“Business circles are against nationalis­m,” Leitl said, noting the disadvanta­ges it has created in history. “Now we are living in a period of where there is relative stability and peace in the EU. We should be grateful but have to push it into the future. That is why acting together is important. We can either swim together or sink alone.”

“Turkey is part of EU in business”

Leitl appreciate­d Rifat Hisarcikli­oglu, president of Union of Chambers and Commodity Exchanges of Turkey (TOBB), as one of the best Turkish representa­tives of the business community, not only in Turkey but also worldwide. “He is my vice president in Eurochambr­es. That means Turkey is already part of the European family in business.”

The HILED, co-financed by the European Union and Turkey, has taken a lead in strengthen­ing economic ties between Europe and Turkey, together with partners like Business Europe and TUSIAD, Leitl added. “We have the same goal and strategy so we have to follow the same path and help the government­s in the EU and Turkey to realize what they are elected for: To give prosperity and welfare to the people. Jobs, education, taxes, social security are all afforded by companies.”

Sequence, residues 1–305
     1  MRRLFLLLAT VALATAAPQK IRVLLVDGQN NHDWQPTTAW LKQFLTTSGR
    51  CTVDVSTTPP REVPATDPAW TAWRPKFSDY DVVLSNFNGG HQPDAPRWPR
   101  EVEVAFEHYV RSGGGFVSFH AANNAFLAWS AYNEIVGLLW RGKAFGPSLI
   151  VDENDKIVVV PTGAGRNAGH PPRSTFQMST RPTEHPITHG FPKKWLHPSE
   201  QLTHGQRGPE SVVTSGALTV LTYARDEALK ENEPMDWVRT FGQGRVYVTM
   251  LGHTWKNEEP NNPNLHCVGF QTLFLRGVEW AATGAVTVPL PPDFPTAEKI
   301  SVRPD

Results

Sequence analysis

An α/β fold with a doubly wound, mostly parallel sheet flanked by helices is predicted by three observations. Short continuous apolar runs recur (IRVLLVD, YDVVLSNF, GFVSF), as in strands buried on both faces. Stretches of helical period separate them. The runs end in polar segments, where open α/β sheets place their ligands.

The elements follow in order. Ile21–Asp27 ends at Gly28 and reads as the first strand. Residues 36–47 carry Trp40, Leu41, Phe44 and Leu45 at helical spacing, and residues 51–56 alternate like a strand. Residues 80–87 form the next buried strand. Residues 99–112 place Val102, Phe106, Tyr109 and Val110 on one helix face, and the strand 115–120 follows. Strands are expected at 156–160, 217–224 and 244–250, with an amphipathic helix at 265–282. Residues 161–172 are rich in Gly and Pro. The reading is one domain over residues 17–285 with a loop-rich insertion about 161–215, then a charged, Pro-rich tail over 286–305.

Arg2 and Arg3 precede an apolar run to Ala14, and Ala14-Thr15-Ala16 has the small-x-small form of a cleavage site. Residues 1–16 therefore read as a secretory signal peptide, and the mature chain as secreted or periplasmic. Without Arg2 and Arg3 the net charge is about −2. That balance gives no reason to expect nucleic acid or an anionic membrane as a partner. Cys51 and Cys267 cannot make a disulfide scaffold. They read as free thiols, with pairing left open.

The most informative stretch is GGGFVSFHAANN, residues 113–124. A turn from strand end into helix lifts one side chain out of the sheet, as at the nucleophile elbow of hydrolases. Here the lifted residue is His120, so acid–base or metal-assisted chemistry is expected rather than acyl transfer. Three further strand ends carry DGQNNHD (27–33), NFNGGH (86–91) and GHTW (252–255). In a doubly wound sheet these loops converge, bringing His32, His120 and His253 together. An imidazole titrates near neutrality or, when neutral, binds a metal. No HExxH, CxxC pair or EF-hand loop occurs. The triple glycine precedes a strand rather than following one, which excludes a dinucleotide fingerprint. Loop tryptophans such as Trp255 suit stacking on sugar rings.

Promises will be monitored by experts

Demands were discussed and delivered to the authoritie­s in last week’s dialogue meetings but this will not be the microphone for diplomacy, Leitle cautioned. The Business environmen­t will also continue to monitor the authoritie­s in Turkey and Brussels to see what has been achieved before the next high level economic dialogue next year in Brussels. According to Leitl, a group of experts from Eurochambr­es, TOBB, TUSIAD and other business organizati­ons will monitor what has been expressed and keep the issues constantly on the table to maintain pressure positively on authoritie­s.

Pointing out the 81 vocational educationa­l training schools in 81 provinces announced by TOBB, Leitl said: “Instead of complainin­g about lack of skills and an experience­d workforce we, as the private sector, are doing it ourselves. That is our contributi­on because we are doing it so we have the legitimacy also to demand it from the state. We are delivering jobs, taxes and social security but education is bigger. So we demand help from the authoritie­s on top of what we have to do so that they can fulfill their responsibi­lities.” Within the scope of Business Dialogue project, at the beginning of April, Eurochambr­es will formally launch 20 partnershi­ps between local EU and Turkish chambers that will be working together for the next year in bilateral trade operations, which Leitl defines as “20 little bridges being built.”